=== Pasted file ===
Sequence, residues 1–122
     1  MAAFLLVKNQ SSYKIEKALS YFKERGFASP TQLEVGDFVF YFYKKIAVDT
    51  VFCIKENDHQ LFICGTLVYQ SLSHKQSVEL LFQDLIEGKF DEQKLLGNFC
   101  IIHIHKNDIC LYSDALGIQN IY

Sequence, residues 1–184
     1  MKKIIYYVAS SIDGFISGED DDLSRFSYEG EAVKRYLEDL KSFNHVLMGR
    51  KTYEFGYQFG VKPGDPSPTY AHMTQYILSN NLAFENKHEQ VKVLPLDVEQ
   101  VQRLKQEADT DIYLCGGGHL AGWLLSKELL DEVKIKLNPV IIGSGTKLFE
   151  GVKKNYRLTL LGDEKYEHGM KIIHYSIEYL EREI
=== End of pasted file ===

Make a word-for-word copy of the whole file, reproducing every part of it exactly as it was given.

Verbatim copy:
Sequence, residues 1–122
     1  MAAFLLVKNQ SSYKIEKALS YFKERGFASP TQLEVGDFVF YFYKKIAVDT
    51  VFCIKENDHQ LFICGTLVYQ SLSHKQSVEL LFQDLIEGKF DEQKLLGNFC
   101  IIHIHKNDIC LYSDALGIQN IY

Sequence, residues 1–184
     1  MKKIIYYVAS SIDGFISGED DDLSRFSYEG EAVKRYLEDL KSFNHVLMGR
    51  KTYEFGYQFG VKPGDPSPTY AHMTQYILSN NLAFENKHEQ VKVLPLDVEQ
   101  VQRLKQEADT DIYLCGGGHL AGWLLSKELL DEVKIKLNPV IIGSGTKLFE
   151  GVKKNYRLTL LGDEKYEHGM KIIHYSIEYL EREI